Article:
- Don’t make it too long (less than 40 characters is recommended)
- Ensure it matches the content inside (i.e. don’t bait and switch)
- Keep out spam alert words (“free” “buy now” “!!!!!!!”)
- Add a question (Looking for a better email app?)
- Be original and/or funny
- Use name or industry personalization
- Use an emoji (not too many, one is enough)
Use Engaging Signup Forms & Checkboxes
“Sign up for our email newsletter”
“Get awesome computer tips and tech insights each week”
Which line above would be more likely to get you to subscribe to their email newsletter?
Use engaging language on your signup forms so people get excited about your content. If you’re planning to send your newsletter every week, you can also state that, so subscribers know what to expect. Many people will also be more likely to sign up if they know they’re not going to get spammed. (Don’t, worry! We won’t spam you!).
Gathering new emails to keep your list growing is important, so here are some ways to make it easy for people to sign up for your newsletter:
- A link in your website menu for newsletter signup
- An exit popup that invites them to sign up
- A check box on your contact form (Check for our eNewsletter tips & specials!)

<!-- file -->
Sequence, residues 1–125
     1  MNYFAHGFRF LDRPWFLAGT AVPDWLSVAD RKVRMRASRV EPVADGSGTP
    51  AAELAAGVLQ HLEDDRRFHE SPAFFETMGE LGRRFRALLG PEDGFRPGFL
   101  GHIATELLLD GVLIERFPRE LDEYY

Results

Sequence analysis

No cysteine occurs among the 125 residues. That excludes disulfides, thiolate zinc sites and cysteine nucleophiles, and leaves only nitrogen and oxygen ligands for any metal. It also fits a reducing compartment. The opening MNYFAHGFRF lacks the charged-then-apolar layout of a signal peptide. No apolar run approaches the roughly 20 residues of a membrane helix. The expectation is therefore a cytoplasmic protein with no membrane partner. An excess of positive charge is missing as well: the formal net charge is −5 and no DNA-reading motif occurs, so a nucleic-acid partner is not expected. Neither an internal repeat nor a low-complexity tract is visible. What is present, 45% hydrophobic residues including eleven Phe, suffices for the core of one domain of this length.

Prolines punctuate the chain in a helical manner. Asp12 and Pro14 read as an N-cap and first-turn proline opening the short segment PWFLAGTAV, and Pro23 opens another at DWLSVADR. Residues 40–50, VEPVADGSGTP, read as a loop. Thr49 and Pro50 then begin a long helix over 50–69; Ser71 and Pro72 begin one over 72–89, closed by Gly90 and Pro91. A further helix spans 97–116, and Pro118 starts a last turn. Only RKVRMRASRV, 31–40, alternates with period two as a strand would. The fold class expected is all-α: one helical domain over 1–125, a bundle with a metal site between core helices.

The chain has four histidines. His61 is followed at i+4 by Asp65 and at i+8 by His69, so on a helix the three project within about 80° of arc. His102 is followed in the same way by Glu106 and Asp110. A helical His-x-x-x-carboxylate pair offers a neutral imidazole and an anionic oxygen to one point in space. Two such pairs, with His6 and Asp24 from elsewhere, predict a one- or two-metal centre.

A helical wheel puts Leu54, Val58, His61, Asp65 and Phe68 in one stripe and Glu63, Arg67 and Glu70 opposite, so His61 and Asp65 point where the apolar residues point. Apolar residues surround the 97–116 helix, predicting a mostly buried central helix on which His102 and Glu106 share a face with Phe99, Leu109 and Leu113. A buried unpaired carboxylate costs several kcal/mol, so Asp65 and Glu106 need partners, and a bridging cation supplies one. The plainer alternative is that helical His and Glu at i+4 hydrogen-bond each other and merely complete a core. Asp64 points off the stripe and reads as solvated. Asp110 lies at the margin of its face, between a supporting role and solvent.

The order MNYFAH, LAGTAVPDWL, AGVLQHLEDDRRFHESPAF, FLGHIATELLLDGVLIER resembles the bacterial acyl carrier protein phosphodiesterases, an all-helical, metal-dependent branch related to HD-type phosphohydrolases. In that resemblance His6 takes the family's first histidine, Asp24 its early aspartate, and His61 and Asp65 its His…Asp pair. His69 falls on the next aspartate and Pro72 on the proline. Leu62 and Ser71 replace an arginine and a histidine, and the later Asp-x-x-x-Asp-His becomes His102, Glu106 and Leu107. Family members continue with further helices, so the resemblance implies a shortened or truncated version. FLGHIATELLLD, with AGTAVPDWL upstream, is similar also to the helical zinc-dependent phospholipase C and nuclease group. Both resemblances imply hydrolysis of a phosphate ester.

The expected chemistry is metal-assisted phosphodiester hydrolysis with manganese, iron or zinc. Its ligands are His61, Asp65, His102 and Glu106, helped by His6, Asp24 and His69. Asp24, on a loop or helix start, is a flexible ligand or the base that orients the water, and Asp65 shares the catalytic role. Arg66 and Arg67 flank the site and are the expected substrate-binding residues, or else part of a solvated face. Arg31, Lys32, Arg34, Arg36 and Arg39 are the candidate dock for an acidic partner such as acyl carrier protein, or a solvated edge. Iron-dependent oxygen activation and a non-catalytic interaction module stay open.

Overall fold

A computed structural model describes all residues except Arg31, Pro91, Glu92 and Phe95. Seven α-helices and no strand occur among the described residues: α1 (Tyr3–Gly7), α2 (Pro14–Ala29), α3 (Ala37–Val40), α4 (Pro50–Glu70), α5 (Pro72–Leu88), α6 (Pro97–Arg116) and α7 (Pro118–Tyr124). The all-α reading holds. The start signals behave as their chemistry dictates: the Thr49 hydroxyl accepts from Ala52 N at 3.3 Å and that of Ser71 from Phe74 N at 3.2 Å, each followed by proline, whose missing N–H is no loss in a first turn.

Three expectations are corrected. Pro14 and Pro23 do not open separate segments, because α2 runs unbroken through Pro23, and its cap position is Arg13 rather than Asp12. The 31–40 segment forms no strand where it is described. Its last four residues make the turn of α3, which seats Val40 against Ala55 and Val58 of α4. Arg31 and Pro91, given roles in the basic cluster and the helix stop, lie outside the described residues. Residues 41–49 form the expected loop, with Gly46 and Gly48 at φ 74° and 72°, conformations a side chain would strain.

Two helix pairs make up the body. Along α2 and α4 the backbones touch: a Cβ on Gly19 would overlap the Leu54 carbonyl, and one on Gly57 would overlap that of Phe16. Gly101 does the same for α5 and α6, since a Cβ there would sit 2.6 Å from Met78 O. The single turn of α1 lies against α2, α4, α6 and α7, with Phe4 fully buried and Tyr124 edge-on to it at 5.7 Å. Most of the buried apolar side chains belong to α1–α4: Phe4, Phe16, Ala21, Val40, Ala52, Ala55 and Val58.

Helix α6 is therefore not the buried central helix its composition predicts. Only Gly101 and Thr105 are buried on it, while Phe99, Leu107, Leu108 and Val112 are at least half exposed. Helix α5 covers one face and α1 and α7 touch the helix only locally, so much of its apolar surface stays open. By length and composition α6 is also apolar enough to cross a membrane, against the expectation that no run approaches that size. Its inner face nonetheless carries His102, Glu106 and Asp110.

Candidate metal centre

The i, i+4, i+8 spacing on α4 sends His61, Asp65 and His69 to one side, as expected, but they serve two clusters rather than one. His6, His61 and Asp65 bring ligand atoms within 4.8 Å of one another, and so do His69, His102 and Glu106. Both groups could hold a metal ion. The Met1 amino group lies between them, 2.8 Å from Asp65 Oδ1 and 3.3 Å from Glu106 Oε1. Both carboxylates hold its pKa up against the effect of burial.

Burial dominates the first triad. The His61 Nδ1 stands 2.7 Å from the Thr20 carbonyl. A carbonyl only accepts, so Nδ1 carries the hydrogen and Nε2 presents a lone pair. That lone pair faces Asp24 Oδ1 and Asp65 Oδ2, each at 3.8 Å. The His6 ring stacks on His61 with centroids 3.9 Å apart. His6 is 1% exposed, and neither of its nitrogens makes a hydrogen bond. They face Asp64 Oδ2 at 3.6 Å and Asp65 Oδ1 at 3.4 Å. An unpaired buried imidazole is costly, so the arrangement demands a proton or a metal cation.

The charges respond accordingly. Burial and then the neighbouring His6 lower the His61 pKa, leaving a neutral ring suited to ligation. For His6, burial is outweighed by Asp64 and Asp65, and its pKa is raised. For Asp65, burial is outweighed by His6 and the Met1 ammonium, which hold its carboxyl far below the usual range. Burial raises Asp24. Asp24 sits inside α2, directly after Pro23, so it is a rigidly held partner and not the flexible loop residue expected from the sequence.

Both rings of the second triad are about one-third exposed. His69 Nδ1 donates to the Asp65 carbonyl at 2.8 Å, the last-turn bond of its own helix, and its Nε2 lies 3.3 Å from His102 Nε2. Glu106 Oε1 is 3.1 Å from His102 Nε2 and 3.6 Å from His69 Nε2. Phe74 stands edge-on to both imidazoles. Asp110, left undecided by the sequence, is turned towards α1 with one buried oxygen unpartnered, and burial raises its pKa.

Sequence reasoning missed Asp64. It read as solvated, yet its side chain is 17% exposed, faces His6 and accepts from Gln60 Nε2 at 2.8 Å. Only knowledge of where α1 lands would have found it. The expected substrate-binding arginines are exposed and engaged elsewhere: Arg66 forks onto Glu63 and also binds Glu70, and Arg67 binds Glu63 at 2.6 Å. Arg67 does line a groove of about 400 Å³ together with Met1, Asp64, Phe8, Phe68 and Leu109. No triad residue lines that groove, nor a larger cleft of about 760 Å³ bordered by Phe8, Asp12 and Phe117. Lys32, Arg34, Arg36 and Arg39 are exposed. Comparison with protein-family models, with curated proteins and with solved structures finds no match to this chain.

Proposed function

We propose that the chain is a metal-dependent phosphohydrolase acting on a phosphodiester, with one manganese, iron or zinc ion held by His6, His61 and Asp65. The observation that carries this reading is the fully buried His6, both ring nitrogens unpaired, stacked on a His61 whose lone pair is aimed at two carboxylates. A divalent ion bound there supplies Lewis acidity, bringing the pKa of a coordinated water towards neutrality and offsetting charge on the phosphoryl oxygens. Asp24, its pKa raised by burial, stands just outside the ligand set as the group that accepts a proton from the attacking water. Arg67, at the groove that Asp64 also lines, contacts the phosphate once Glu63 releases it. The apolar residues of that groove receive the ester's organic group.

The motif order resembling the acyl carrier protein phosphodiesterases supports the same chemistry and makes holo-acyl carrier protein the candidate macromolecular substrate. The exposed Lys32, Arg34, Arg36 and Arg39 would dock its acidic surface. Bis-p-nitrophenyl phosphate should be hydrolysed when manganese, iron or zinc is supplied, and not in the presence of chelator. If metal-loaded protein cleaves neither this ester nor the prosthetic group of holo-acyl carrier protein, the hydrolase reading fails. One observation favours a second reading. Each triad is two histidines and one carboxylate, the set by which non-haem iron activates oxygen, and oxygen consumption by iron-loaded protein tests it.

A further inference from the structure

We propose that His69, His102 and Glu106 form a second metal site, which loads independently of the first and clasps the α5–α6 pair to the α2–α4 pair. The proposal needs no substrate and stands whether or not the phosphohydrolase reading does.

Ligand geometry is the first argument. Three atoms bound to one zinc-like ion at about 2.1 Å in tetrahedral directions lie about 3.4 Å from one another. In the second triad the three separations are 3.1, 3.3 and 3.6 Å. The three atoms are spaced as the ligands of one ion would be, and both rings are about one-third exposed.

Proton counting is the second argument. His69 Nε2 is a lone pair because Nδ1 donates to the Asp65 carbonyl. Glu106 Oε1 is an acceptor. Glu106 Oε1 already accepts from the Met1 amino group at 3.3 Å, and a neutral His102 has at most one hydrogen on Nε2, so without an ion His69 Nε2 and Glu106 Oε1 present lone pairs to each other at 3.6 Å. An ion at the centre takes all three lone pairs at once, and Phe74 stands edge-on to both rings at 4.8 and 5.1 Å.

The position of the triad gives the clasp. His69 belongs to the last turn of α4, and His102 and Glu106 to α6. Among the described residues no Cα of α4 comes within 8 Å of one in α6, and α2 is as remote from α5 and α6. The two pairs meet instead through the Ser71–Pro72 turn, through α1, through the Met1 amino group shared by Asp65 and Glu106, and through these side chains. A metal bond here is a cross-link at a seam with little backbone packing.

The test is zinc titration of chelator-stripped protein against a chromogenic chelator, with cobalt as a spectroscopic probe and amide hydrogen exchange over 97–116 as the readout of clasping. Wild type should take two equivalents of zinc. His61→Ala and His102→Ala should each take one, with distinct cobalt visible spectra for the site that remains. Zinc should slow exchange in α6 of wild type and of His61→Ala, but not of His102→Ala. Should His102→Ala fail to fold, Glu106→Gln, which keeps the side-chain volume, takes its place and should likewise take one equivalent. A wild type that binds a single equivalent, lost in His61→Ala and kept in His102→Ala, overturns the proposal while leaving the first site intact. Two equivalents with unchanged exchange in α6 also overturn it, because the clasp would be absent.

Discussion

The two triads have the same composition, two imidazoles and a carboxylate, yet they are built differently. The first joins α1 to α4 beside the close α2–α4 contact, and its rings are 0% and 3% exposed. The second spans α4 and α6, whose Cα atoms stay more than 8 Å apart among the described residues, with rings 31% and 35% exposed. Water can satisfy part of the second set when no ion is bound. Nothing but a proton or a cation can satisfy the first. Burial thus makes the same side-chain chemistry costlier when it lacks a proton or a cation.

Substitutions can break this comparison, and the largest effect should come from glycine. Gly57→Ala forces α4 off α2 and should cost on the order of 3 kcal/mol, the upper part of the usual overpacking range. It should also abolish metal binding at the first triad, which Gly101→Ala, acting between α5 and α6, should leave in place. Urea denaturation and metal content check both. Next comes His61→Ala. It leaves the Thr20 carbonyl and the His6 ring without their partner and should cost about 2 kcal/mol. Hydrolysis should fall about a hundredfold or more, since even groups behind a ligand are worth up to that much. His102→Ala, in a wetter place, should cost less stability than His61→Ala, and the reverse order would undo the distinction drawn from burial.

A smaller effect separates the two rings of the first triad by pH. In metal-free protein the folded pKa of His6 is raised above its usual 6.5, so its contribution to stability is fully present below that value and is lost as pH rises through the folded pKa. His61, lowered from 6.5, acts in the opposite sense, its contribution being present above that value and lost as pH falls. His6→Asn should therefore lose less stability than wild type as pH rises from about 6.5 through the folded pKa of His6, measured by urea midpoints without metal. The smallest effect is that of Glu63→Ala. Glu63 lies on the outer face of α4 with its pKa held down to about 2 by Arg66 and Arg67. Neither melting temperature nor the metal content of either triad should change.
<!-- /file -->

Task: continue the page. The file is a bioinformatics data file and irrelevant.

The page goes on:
- Put an iPad with an email signup form on your front counter
Add Occasional Sales Coupons or Specials
One of the main reasons people sign up for newsletters is to get a coupon. Some people will stay subscribed to emails newsletters for years, just so when they happen to need that product or service, they might be lucky get a discount by email.
Announcing a limited time coupon with expiration date in your email can be a great way to drive short-term revenue when you need it. Just use it sparingly, otherwise people will expect your services to always be on sale and the short-term coupon won’t be as effective.
Use a Call to Action
Just like you put a call to action on your website landing pages, you want to use one in your email newsletter too. It might be to contact your business for a free diagnostic or to follow you on your YouTube channel. Or, if you’ve offered a discount, “Get 10% Off Managed IT Now.”
Don’t miss the opportunity at the close of your newsletter to invite an interaction with one specific call to action.
Segment Your Lists
The more relevant your email is to the receiver, the more likely they are to stay on your list and engage with your content. If you serve both business and home customers, send a slightly different email newsletter to each one. The extra effort to tailor the content for each will be worth it.